It's cold in Canada, learn how to inspect fireplaces...

Good one Nick, thanks for the show. We got to let the fire out in the igloo this week and hung up the mukluks. Now it’s 2 months of bad snowmobiling.

Yeah Nick I am not afraid to admit your TV episodes are a good thing. Heck even I watch them! Hows that for an endorsement? :wink:

Raymond just gave Nick a compliment, That’s it I have had waaay too many beers tonight! Ha Ha!

Now now, be nice…:mrgreen: … Over the years, I’ve found that Ray will give respect and compliments where they are due. He does not pay lip service, which I think is great cuz you always know where you stand. :wink:

Ray…brace yourself. The above compliment to you was given by me, a member of the dreaded ESOP.

Ray Wand writes:

Thanks Ray! It truly means a lot to me. Many don’t realize what goes into a 10 minute instructional show like this. Mike had to fly out from NY, we had to go on location at 2 different homes, we used 3 cameras (our first 3 camera show), editing, hosting (note how clear it is and no buffering or downloading), etc. Anyway, thank you.

And here are some interesting stats about NACHI.TV:

Average editing time: 2.1 hours of editing per minute of show (for instance, we shot the chimney show on Friday and Valerie didn’t finish the editing until Wednesday afternoon).

Average server power: About 60 times that of for the same length show… the price we pay for clear broadcast with no buffering.

Amount of tape used: With 3 cameras, bloopers, and multiple takes, we shoot about 20 times as much footage as ends up in a show. On average we shoot about 3 hours of footage to create a 10 minute show.

Average total production cost: $540 per minute. So a 10 minute show costs us about $5,400 to produce on average.

Very Professional …
It is a shame that this message board does not reflect the professionalism that NACHI TV does.

Franks quotable quote of the day!

… and like you know anything about professionalism given your desire to write in the manner you do. When you were a policeman did you abuse your position of trust then?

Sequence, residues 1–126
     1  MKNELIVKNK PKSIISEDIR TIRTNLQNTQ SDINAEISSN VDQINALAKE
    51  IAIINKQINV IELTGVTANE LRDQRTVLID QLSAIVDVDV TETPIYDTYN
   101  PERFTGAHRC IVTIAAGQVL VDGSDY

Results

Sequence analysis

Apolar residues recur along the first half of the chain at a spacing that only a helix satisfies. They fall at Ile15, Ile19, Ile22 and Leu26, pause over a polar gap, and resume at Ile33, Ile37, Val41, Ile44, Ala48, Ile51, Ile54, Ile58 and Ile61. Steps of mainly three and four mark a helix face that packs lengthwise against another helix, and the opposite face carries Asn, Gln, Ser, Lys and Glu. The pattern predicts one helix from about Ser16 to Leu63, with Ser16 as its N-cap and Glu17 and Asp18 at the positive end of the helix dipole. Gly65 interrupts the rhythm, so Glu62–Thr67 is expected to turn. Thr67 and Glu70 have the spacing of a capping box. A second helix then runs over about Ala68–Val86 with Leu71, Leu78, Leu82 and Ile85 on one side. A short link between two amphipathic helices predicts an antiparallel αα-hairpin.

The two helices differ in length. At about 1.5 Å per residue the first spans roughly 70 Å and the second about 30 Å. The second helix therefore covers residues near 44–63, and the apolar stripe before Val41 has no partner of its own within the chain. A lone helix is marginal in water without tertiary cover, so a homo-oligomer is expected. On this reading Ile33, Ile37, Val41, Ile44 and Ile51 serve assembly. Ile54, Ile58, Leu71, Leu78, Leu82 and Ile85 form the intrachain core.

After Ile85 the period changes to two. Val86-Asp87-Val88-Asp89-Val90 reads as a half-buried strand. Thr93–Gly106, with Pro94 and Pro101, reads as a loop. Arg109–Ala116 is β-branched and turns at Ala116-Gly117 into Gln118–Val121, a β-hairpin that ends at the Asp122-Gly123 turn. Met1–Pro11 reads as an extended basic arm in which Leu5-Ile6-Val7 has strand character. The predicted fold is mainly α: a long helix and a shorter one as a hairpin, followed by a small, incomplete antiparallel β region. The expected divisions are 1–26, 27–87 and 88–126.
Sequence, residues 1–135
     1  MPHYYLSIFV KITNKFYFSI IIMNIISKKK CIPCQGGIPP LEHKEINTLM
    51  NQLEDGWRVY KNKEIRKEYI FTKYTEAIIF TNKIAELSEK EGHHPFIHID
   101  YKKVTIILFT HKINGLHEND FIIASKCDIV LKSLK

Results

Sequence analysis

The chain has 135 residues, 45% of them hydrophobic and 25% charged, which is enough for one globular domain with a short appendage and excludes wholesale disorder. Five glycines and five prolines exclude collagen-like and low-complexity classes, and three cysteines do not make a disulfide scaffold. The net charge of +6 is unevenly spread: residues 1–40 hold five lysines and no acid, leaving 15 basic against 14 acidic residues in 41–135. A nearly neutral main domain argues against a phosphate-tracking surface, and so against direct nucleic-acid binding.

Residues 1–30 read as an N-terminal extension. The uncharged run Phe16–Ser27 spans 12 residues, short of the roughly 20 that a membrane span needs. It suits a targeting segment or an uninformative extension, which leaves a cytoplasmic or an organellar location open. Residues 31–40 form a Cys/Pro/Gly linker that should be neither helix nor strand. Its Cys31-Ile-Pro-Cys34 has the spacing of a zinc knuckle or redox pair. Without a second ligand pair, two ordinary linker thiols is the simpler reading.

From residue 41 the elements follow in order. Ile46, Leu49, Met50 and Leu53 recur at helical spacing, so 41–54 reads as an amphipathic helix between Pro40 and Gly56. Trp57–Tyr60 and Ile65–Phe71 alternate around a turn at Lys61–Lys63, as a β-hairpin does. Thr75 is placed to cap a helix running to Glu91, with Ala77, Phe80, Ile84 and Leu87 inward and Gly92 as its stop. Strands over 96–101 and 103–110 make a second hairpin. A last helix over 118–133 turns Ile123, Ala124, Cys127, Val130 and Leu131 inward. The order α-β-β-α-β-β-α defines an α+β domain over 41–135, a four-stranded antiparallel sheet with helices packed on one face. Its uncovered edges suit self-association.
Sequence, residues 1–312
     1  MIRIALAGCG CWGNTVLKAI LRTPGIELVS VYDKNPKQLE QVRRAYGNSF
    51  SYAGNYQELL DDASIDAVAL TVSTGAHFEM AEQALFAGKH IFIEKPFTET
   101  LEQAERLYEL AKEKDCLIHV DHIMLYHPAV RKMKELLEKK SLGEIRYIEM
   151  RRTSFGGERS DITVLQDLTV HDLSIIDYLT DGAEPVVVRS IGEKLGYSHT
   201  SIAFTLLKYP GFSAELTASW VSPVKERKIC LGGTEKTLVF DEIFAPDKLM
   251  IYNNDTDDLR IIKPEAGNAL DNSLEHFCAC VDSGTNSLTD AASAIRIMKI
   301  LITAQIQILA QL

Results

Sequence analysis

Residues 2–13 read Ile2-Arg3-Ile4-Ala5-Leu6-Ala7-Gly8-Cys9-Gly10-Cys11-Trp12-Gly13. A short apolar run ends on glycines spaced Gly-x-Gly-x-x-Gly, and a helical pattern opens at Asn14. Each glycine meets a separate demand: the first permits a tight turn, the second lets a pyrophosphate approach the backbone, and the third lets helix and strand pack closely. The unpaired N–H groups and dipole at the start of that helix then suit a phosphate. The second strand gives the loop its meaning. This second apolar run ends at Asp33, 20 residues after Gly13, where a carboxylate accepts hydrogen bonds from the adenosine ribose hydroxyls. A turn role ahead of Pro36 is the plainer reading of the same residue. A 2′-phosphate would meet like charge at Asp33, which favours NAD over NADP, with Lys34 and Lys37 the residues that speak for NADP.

I agree Brian and that was not said in any ill will towards Ray , I hope he understands that and I believe he can see the humour in it. After all we all must enjoy one another around here don’t we.

Actually Brian summed me up pretty well. I don’t pay lip service and I will tell it like it is. I truly appreciate the summation! Really! :slight_smile:

nachi tv Super Fantastic Idea, well done

One of the important things to remember in Canada, is you should be WETT certified to inspect a fireplace or solid fuel burning appliance.
Most insurance companies demand a WETT inspection now.

And if you are W.E.T.T. certified in Canada, make sure you add it to so that you show up in and other places InterNACHI controls.

I be the same Ray. As Joe F said in another thread, I am an independant thinker.

The weather is never too bad for snowmobiling!

Every summer when it is pouring rain in the middle of July, my buddies and I will go out and run the sleds down a wet grass field to give them some exersize. (And to have fun!)
We never have to cut the grass in that area for the rest of the summer.

And make sure you charge for the WETT inspection. As we know some inspectors who do not know the value of education just “throw in a WETT inspection for free”

It is like the sign on a snowmobile shop read…“If you have a $10 head, then buy a $10 helmet.”

Knowledge is power.

As a long time W.E.T.T. certified inspector I thought I should add my two cents worth. Anyone with the required knowledge can and should inspect wood burning appliances to some degree during a home inspection, it is a safety issue after all. The W.E.T.T. certification is what the insurance companies are demanding when providing insurance to a client with a wood burning appliance. A site-built (masonry) fireplace usually does not require a W.E.T.T. certified inspection, although factory-built units do, but this of course depends on the insurance company. I have even seen insurance comapanies ok a free-standing wood stove with no W.E.T.T. inspection, so go figure. The bottom line is that if you are going to inspect and report on a wood burning appliance you have to know what you are doing because peoples lives could be at stake.
P.S. I always charge for a W.E.T.T. inspection on a pre-purchse inspection. The inspection is ‘free’ (price included) for a pre-sale inspection, which I must say don’t seem to be popular enough in this area. Marketing, marketing, marketing!

I have seen some local insurance people demand a WETT on a gas fired insert and on a stand alone gas fired stove. It is just another way the insurance industry has of trying to download responsibility! :twisted:

The TV episodes are getting better and better. Keep up the good work!